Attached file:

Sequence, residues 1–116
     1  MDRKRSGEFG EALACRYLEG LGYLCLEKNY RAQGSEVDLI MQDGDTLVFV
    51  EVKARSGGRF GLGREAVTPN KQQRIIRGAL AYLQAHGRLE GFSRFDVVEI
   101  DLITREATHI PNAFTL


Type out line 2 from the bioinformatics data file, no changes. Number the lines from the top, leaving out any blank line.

     1  MDRKRSGEFG EALACRYLEG LGYLCLEKNY RAQGSEVDLI MQDGDTLVFV